So, where did such an elaborate and specialized hobby come from? While some might make the immediate connection between TRPGs and childhood games of pretending, the reality is far more complex. As one might guess from the paired elements of game structure and narrative, TRPGs are uniquely hybridized forms of interaction with roots in the ancient traditions of war gaming and heroic storytelling. While war games have been used by military commanders and strategists to simulate battle and practice tactics for thousands of years, ranging from games of wei-ch’i, aka go, during the Han dynasty in China to the earliest forms of chess in northwestern India, the modern war games using markers to represent troops across a miniature landscape was formulated in 1811 as Kriegspiel (Fine 8). This Prussian variation spread rapidly as a training device for military officers, but the entertainment value of the game was recognized, and in 1915, H.G. Wells wrote Little Wars, a variant for home play utilizing miniature figures (Fine 9). The number of games and their formats flourished, both in simplified board-game versions and in increasingly complex simulation games, but by the 1960s, some players began to look for nonzero-sum games, where players could cooperate rather than simply compete (Mackay 14).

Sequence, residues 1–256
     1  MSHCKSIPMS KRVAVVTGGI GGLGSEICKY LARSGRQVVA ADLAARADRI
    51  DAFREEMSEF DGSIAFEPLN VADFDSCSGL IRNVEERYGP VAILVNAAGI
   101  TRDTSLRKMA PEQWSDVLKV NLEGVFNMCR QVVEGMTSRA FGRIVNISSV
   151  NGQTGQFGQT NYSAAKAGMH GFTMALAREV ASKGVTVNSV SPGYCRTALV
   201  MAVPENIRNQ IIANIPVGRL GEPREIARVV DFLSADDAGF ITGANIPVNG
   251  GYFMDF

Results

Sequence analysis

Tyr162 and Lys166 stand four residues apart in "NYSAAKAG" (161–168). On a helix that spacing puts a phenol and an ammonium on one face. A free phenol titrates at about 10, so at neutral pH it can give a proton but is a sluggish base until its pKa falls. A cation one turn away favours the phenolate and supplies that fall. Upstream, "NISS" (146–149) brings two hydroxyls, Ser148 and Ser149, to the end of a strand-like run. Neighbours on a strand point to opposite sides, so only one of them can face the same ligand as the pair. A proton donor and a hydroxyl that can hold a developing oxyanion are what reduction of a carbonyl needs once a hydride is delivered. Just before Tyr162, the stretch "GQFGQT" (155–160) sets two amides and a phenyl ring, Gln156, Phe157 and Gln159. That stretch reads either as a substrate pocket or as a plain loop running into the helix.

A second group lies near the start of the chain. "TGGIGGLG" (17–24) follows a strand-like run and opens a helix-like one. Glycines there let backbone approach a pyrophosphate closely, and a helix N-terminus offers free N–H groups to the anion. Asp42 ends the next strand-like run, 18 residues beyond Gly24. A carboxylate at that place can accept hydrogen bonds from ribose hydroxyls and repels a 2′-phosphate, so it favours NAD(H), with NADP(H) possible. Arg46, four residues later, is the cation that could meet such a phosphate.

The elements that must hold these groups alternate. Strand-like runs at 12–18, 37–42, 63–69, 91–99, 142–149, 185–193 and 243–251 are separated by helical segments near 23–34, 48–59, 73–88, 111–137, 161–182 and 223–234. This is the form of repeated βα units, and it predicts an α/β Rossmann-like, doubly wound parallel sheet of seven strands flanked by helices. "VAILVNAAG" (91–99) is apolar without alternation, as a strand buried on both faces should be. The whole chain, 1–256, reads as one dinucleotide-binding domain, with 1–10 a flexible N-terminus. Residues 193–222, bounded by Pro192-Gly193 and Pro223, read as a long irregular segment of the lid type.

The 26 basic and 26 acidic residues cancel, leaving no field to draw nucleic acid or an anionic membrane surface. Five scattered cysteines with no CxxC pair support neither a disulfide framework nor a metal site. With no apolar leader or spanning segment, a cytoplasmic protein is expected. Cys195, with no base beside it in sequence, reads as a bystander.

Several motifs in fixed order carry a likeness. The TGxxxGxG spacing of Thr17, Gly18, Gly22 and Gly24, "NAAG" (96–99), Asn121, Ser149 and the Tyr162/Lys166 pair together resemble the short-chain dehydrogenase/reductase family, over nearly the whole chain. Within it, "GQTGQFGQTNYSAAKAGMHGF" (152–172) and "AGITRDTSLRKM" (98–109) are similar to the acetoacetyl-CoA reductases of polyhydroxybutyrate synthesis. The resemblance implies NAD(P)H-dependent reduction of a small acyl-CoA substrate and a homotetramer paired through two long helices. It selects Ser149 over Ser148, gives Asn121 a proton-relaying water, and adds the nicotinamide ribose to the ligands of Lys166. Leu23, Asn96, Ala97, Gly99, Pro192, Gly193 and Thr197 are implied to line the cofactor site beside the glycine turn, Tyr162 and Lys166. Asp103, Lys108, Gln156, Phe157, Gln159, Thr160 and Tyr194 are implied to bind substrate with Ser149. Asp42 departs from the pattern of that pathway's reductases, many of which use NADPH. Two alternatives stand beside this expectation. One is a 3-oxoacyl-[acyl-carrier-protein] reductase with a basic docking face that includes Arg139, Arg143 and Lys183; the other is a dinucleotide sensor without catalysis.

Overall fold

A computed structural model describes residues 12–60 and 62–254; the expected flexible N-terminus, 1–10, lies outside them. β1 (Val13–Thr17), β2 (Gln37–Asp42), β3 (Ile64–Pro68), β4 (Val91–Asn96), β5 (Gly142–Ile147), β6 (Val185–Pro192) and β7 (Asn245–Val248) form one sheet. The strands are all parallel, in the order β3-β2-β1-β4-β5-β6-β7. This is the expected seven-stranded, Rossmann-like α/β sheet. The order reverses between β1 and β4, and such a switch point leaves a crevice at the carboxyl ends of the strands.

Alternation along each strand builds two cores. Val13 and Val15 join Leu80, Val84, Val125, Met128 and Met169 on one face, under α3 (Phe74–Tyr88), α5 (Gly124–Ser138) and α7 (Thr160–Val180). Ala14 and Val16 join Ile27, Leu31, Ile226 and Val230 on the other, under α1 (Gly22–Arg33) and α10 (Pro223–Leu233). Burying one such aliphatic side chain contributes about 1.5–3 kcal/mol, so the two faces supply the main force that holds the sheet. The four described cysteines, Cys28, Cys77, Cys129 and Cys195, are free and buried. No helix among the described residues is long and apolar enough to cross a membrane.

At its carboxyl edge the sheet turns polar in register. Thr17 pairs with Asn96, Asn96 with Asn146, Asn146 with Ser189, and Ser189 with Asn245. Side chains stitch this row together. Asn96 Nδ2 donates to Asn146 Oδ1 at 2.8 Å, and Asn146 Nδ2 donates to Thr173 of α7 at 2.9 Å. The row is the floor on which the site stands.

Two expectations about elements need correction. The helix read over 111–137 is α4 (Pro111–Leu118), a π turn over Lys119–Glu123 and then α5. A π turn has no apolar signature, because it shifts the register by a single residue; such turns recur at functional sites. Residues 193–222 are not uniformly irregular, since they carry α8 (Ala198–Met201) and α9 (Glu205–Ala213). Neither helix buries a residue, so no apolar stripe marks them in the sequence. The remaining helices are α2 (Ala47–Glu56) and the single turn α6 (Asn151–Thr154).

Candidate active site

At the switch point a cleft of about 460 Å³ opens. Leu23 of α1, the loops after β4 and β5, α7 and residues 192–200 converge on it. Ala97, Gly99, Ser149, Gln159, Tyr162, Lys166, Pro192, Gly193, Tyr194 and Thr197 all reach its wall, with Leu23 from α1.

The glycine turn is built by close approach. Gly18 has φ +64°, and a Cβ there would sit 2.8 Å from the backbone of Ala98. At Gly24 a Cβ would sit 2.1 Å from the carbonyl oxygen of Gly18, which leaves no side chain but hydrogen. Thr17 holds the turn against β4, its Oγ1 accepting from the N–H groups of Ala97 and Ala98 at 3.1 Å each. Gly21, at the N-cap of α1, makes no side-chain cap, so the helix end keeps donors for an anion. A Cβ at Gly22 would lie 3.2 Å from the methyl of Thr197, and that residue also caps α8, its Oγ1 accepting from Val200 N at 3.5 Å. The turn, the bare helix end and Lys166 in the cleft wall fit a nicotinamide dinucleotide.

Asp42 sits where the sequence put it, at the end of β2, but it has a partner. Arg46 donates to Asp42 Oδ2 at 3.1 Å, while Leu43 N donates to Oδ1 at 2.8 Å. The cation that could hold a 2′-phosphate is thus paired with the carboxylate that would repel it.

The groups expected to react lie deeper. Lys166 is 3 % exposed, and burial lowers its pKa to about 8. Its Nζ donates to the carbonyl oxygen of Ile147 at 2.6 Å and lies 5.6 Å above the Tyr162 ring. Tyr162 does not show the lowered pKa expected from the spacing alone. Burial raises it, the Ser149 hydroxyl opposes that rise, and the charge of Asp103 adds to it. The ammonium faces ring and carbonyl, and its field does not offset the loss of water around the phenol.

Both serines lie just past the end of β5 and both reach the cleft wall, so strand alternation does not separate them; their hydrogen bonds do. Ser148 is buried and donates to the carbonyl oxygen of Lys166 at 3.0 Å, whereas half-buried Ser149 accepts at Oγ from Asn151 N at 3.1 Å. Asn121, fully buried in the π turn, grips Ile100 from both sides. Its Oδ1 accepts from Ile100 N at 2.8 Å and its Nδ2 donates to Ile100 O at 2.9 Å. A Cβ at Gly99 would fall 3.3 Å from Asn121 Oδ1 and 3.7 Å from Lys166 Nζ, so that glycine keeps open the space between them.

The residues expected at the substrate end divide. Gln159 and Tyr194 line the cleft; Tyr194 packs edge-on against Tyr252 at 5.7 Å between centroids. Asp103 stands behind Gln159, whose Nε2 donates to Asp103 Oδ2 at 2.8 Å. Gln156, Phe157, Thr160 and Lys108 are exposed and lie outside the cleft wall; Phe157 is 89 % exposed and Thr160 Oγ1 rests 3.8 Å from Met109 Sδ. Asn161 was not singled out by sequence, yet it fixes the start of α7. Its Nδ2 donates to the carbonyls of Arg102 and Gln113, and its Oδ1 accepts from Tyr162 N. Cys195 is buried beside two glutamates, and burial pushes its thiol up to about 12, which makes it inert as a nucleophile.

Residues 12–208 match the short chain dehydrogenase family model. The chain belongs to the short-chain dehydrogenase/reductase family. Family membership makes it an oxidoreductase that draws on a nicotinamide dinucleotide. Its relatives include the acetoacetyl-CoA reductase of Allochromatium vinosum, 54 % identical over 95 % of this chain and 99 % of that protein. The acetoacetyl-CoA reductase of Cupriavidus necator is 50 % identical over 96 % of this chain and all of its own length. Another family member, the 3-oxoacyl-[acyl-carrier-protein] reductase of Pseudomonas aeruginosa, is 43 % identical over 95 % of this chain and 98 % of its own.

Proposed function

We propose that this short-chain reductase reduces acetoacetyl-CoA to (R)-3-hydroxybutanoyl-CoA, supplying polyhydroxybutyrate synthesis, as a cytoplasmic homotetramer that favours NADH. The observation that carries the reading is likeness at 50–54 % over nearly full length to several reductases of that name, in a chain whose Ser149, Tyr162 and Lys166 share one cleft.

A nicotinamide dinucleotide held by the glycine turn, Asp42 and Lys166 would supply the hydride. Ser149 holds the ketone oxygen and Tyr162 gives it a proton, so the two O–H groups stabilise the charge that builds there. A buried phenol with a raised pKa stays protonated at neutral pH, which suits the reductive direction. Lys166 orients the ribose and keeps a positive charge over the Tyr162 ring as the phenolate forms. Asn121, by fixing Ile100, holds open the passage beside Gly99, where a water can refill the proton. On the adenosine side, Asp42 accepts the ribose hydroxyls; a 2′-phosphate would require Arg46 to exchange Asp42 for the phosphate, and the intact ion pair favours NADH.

At this fateful juncture, cross-pollination occurred. Dave Arneson, interested in both medieval warfare and in the high-fantasy mythology of writers like J.R.R. Tolkien, introduced elements of the fantastic into his war games and shifted the scale so that players controlled individual figures they could identify with rather than armies. He joined forces with another like-minded enthusiast named Gary Gygax, and together they created a system which combined the strategic elements and choices of war games with the flexibility and scope of narrative works, drawing heavily on archetypes and mythological constructions of the heroic. Thus, in 1974, the Dungeons & Dragons greeted the world (Mackay 14-15).
While other forms of interactive narrative existed prior to the birth of the TRPG, such as “Choose Your Own Adventure” books, improvisational theater, and (arguably) at least one computer game, D&D was the first to combine in-person interaction with pre-written material in a way which not only left players able to choose what to do, but gave then the tools to create their own options, making the generated narrative truly co-created (Cover 27-37). In fact, despite the rise of sophisticated video game role-playing games and their status as the darling of ludic studies—the field of games research—computer-based games lack the “narrative agency” of TRPGs which stems from the players’ ability to shape the system in which they are embedded (Mackay 47). In this, TRPGs remain unique; despite visually dazzling, hugely-expensive-to-produce video games advanced enough to play themselves, the apparent anachronisms—of hand-written lists of character statistics, the use of dice to generate numbers, and a small group of people sitting together in a living room imagining the action—of tabletop play remain because nothing has replaced it.